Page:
Why Boris Johnson's 50-year "intergenerational" mortgage is like seven-minute abs

Government looks for creative ways to spur homebuying. This isn't it

Why Boris Johnson's 50-year "intergenerational" mortgage is like seven-minute abs

The following is an opinion piece written by Matthew Sellers. The views expressed within the article are not necessarily those of Mortgage Introducer.

The housing crisis is well documented, and, keen for a PR win after a week in which a Tory whip has made headlines for drunkenly groping other men at a club, the Conservative government is looking at creative ways in which they can announce that they have a solution to the problem.

The latest headlines surround a fifty-year mortgage, a type of product that is widely used in Japan, that would allow homeowners to pass on the family home, and the debt that comes with it.

Of course, my initial thought was that this was a splendid idea! I get to spend the kid’s inheritance, and by saddling them with debt I am also providing them with a character-building experience, rather than allowing them to loaf around in my semi after I am despatched to a nursing home.

My second thought, however, was what about There’s Something About Mary?

In the film, there’s a great scene where the main character (Ben Stiller) picks up a hitchhiker who has a fabulous new business idea.

Hitchhiker: “You’ve heard of this thing, the 8-minute Abs?”

Stiller: “Yeah, that exercise video”

Hitchhiker: “Well this is going to blow them right out of the water. Listen to this”

Stiller: “Uhuh”

Hitchhiker: “Seven. Minute. Abs”

And that, unfortunately, is a little like what this smells like.

We already have a 30-year mortgage – in fact, more than a third of first-time homebuyers already take out mortgages that could last 30 years or more. And the reduction in monthly payments won’t be anything to write home about.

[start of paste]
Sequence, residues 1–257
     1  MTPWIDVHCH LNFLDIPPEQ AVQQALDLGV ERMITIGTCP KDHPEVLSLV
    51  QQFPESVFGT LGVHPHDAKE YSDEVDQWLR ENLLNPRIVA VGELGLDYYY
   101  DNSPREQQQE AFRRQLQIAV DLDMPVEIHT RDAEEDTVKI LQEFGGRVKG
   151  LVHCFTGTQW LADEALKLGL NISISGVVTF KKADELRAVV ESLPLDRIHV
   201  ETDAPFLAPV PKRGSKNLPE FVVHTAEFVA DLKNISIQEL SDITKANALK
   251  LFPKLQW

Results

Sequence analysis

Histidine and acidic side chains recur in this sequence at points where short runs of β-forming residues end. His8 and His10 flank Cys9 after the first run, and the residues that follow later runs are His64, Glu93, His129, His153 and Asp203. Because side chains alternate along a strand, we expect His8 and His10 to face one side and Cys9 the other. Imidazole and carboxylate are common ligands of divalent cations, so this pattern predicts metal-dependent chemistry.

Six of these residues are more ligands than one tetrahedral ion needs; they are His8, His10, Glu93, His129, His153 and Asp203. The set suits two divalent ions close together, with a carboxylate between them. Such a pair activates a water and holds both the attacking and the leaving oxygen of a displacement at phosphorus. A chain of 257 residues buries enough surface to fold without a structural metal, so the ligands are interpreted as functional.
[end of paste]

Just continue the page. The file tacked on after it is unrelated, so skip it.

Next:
Assume a new buyer forks out the median £278,000 for their splendid new love nest, and even at 100% LTV, assuming a 5% interest rate they’ll be paying roughly £1,492 a month.

Drag that mortgage out so the grandkids can benefit from watching mum and dad take over the grandparents’ payments and the monthly fee will be £1,262 – maybe not a huge saving in the scheme of things, but in the long run nearly a quarter of a million more pounds in interest.

In fact, even though a 100-year mortgage is available in Japan, most home loans that are taken out are for 30 years rather than the full century.

This is why the government needs to truly innovate – and it needs to look at house prices and availability rather than exotic loan products.

“It is not the mortgage market that is preventing people from becoming homeowners; it is the cost of property in relation to people’s earnings” Scott-Taylor Barr, a financial adviser, told Sky TV over the weekend.”

“I feel that Boris Johnson is coming at this from the wrong direction.”

Ian Mulheirn, chief executive of the Tony Blair Institute, agrees that this may not be the best approach. “It’s not clear that 50-year mortgages are the key,” he told The Times.

“The bank of mum and dad is already a major facilitator to first-time buyers, so it’s unlikely that formalising that with inter-generational mortgages will make much difference.”

Obviously, the key to making homes more affordable is to (said in a quiet whisper) make them cheaper – but to allow a drop in home values would be political suicide for any government – especially by one with cratering popular support.

Mortgage Intermediary Rob Gill agrees. “It seems governments the world over will do anything to avoid the alternative of property prices actually falling,” he told The Guardian.

Key mortgage numbers:

9.1 - The number of times annual earnings a full-time employee needs to spend on a house in England

37% - Share of first-time buyers taking out a 30-35-year term mortgage

10% - Share of first-time buyers taking out a 20-year term or less mortgage

£1,630.5 billion - Value of outstanding mortgage loans in the UK.

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